New York Bans Bitcoin Mining

New York Bans Bitcoin Mining

Governor Kathy Hochul has signed a two-year moratorium on proof-of-work (PoW) crypto mining. The bill will prohibit the licensing of new and existing crypto mining companies in the state unless they comply with climate regulations. 

New York Governor Kathy Hochul has signed one of the most restrictive crypto regulations into law, making the state the first in the United States to put a ban on all new crypto mining operations.

The proof-of-work (PoW) moratorium signed by the governor on November 22nd kickstarted a two-year prohibition on issuing licenses for new mining companies and renewals of existing miners in the state. Only mining facilities that use 100% renewable energy will be allowed to operate in New York from here on. 

The notion to allow or ban PoW crypto mining has been a hot take on the industry. Climate activists claim that the model has a larger carbon footprint due to its high consumption of fossil fuel-derived energy. Mining companies are required to power thousands of computers in order to validate transactions on a PoW blockchain like Bitcoin (BTC). Rewards earned from validating transactions is what generate revenue for miners. Environmentalists argue that the excess energy generated from creating blocks is never reused, thus causing harm to the planet. 

New York Bans Bitcoin Mining

The PoW moratorium, first passed by the State Assembly in April and the State Senate in June is an amendment to the ‘Climate Leadership and Community Protection Act 2019’, which is focused on reducing 40% of New York’s greenhouse gas emissions by 2030. The bill’s sponsors say that the only thing standing in the way of the state achieving its climate goals is PoW mining. 

“I will ensure that New York continues to be the center of financial innovation, while also taking important steps to prioritize the protection of the environment. It is the first of its kind in the country and a key step for New York as we work to address the global climate crisis,” said Governor Andrew Hochul in a memo issued after signing the moratorium into law. 

However, the crypto community and advocacy groups allege that authorities and climate activists are spreading false narratives about PoW mining. A survey conducted by the Bitcoin Mining Council (BMC) – a group of 44 Bitcoin mining companies that represent half of the global Bitcoin network, showed a nearly 60% year-on-year rise in usage of sustainable energy in Bitcoin and PoW crypto mining.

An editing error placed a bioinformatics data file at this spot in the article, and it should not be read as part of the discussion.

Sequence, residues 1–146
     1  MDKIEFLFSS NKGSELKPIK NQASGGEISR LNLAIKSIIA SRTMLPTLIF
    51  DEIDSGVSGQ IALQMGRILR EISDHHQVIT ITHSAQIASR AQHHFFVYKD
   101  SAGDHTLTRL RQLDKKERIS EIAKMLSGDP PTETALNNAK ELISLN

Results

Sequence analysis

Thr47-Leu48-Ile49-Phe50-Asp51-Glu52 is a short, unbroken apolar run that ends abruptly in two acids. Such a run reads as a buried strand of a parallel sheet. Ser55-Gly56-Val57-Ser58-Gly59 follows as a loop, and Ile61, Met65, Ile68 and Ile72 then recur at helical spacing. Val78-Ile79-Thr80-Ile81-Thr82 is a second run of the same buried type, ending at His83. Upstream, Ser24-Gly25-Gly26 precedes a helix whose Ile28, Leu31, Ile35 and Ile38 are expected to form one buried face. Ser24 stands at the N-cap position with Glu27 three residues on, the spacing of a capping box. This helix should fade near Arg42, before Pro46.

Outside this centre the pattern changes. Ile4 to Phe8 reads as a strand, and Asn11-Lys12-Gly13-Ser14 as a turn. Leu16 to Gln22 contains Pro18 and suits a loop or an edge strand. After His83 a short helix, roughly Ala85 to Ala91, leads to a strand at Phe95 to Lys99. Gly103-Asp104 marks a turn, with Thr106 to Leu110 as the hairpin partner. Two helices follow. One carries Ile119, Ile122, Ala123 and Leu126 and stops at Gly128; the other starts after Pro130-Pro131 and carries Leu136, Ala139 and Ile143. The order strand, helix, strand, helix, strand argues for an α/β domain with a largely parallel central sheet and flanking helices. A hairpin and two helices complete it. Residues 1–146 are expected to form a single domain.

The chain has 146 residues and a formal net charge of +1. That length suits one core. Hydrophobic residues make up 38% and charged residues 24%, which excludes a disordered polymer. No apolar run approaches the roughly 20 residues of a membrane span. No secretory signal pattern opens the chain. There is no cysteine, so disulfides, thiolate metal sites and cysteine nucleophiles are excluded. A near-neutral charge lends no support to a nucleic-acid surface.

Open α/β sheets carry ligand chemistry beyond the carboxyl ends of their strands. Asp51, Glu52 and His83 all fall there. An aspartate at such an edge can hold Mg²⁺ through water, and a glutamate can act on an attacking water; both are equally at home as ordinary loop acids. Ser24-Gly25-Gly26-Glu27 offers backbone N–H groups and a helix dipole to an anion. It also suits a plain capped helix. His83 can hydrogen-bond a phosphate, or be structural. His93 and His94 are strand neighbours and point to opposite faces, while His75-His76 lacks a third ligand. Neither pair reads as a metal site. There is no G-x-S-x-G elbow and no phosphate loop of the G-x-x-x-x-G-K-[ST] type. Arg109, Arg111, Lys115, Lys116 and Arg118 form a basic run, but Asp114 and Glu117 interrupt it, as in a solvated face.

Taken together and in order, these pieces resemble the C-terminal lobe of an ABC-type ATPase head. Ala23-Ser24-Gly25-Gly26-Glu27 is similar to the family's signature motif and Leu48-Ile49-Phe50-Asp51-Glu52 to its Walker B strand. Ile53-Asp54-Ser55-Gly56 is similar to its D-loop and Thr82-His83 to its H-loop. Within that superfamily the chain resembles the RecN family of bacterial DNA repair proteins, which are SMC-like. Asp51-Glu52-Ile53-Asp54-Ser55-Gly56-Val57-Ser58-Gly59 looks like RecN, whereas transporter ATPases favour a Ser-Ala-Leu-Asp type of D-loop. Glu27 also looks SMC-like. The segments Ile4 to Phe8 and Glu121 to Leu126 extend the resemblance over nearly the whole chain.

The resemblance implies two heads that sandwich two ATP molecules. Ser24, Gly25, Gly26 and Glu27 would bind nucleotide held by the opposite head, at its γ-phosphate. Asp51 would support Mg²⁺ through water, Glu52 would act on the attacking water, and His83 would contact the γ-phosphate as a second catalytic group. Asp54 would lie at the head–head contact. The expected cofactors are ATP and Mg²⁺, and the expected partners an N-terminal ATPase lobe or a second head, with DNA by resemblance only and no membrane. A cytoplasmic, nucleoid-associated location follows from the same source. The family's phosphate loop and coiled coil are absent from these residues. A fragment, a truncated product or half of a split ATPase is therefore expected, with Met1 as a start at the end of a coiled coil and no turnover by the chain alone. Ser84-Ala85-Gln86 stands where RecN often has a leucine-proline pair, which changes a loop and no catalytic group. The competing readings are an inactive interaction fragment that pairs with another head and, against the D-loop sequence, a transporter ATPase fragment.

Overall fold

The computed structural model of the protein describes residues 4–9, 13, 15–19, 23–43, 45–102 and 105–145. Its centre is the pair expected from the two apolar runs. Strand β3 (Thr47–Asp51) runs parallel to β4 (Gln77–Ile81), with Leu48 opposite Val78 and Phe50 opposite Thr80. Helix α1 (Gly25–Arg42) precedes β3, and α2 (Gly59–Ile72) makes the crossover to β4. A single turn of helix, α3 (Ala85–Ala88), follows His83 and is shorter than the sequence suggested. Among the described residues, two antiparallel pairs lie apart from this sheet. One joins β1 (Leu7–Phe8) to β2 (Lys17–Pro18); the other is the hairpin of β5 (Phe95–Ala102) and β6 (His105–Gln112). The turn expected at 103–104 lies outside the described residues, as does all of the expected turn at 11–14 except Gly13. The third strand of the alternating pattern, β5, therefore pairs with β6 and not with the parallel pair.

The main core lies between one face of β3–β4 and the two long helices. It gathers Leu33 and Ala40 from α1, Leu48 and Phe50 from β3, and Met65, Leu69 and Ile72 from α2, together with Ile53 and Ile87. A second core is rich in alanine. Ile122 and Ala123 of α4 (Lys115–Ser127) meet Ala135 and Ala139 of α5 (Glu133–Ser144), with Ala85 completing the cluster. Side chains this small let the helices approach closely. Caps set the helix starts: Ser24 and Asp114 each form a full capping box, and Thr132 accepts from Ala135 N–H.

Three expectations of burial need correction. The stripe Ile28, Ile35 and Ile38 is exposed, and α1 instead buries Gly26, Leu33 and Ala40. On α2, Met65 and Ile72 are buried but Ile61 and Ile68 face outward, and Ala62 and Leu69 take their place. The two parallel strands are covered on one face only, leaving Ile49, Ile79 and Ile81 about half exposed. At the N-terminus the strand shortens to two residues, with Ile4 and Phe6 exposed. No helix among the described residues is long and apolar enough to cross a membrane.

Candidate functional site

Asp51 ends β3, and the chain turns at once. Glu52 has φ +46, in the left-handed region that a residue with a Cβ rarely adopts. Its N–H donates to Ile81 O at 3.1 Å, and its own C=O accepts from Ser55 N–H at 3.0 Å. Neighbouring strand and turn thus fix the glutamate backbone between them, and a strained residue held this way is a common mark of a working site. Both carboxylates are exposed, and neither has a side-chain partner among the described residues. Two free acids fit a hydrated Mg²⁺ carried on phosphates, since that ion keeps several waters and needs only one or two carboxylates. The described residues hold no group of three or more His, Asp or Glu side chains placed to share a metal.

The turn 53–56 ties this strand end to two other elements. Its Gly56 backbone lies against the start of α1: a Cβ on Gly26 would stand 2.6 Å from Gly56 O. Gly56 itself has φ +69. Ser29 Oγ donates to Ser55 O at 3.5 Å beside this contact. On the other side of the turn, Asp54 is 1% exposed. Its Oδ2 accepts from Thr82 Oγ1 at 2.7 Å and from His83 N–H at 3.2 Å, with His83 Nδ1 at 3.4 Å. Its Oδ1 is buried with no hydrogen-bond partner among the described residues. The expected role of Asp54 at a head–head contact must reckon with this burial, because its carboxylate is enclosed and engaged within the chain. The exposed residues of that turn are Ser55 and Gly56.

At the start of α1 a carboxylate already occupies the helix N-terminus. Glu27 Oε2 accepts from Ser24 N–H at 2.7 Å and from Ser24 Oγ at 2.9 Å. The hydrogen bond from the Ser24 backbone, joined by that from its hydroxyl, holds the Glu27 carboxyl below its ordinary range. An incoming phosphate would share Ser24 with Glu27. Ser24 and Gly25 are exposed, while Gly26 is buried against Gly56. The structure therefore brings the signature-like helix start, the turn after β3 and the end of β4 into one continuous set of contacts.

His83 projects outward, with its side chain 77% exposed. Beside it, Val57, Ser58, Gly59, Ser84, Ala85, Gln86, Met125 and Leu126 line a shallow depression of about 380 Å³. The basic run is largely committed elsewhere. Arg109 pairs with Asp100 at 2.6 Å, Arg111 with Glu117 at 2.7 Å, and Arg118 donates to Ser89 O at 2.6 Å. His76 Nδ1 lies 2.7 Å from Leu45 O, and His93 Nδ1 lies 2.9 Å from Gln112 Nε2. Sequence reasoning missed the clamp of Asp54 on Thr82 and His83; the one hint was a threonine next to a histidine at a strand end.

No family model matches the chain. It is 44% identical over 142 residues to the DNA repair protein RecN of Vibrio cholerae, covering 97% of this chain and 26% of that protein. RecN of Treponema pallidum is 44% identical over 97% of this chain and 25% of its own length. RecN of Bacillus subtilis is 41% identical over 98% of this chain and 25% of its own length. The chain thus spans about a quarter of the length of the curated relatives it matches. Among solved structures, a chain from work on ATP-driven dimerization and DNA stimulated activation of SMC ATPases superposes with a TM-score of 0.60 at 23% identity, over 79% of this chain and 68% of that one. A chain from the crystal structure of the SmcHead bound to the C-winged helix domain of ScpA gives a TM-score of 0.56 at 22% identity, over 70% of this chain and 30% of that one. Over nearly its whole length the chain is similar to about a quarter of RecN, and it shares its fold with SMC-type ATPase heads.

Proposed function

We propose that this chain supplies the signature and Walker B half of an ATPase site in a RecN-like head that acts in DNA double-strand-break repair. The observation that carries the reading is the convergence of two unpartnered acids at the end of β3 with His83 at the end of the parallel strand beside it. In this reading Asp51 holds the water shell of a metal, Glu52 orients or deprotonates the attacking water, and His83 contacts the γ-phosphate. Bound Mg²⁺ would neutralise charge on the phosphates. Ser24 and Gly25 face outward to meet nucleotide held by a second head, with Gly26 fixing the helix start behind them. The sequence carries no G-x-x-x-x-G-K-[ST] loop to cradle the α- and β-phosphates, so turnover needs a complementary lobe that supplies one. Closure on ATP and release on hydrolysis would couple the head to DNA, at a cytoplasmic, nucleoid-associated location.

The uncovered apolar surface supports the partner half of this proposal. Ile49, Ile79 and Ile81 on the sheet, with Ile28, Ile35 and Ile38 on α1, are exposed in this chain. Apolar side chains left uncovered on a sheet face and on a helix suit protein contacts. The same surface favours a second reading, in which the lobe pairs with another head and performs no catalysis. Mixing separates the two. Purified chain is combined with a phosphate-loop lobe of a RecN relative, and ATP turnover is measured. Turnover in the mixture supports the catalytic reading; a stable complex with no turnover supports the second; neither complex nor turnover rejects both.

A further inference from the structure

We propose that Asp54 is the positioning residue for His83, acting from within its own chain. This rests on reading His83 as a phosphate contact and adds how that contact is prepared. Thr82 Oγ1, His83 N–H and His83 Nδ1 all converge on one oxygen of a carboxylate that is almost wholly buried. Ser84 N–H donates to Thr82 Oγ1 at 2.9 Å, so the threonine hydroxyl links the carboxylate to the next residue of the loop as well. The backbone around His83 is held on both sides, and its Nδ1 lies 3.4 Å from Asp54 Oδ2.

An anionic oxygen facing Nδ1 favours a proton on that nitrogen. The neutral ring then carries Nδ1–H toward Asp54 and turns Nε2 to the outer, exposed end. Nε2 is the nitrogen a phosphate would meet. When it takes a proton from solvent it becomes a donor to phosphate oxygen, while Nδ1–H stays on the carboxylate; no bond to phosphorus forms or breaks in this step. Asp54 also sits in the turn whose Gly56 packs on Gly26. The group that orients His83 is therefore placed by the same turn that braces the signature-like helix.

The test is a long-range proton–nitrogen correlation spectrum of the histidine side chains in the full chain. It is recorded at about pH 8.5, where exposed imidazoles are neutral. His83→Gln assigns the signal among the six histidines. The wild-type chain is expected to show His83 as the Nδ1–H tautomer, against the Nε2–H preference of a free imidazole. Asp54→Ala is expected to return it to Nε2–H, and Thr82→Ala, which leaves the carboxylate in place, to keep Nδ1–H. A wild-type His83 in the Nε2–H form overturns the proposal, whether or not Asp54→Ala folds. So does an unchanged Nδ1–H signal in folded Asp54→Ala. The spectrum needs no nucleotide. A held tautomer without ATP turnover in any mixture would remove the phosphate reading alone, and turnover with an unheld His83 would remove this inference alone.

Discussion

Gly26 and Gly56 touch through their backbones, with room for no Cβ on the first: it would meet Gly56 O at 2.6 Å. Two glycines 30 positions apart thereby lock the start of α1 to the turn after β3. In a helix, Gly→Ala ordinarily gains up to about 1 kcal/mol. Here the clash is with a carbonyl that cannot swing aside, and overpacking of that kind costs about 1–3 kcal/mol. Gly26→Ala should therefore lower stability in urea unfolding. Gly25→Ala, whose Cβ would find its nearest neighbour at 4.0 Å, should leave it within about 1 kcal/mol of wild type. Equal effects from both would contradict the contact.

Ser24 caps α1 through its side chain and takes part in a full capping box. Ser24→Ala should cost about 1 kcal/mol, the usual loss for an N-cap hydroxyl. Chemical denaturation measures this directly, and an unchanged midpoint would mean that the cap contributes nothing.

Blockchain advocacy group Chamber of Digital Commerce has called out New York’s decision to ban PoW mining by claiming that the state is being unfair to the industry and singling it out from other sectors that consume way more energy. 

“The PoW mining industry has been spurring economic growth, job creation, and inclusion for historically underrepresented populations in New York, while also creating financial incentives for the buildout of renewable energy infrastructure. 

With this legislation becoming law, we expect the mining companies, or those considering business in the state, to leave and head to more friendly regulatory jurisdictions in the U.S – a trend far too many industries in the New York State are realizing daily,” commented BMC in a twitter thread. 

After China banned Bitcoin and crypto mining last year, many companies found refuge in the United States, especially in New York and Texas, making the states some of the largest crypto mining hubs in the world. Miners were attracted to New York mainly due to its low energy costs and its colder weather, which increased productivity. The U.S. is currently the global leader in Bitcoin mining, accounting for 38% of the blockchain network’s overall mining power. 

In the past year, the proof-of-stake (PoS) model of crypto mining has been gaining prominence. Projects like Cardano (ADA), Ripple (XRP), and now Ethereum (ETH) all use the consensus mechanism to validate transactions and issue tokens on their networks. PoS is considered more eco-friendly due to it consuming less energy compared to PoW and being able to process faster and cheaper transactions while making the blockchain highly scalable. 

Lawmakers are siding with climate activists and proponents of PoS mining in their movement to phase out PoW from the industry. Last year, Ripple co-founder Chris Larsen started a campaign to change the code of Bitcoin and turn it into a PoS blockchain which has seen major backlash from pro-crypto advocates and Bitcoin maximalists. At this year’s COP27 climate summit, blockchain software company ConsenSys announced the ‘Ethereum Climate Platform’, a program to mitigate carbon emissions made by Ethereum before it transitioned from PoW to a PoS model.

Similar to New York’s PoW moratorium, policymakers had proposed a regulation to ban Bitcoin and PoW mining across Europe in the Market in Crypto Assets (MiCA) bill. However, the proposal failed to gain enough support and had to be omitted from the final draft. The MiCA regulation awaiting parliamentary approval is expected to become law by 2024. 

At the time of writing, BTC is trading at $16,646, up by 1.46% in the last 24 hours. 

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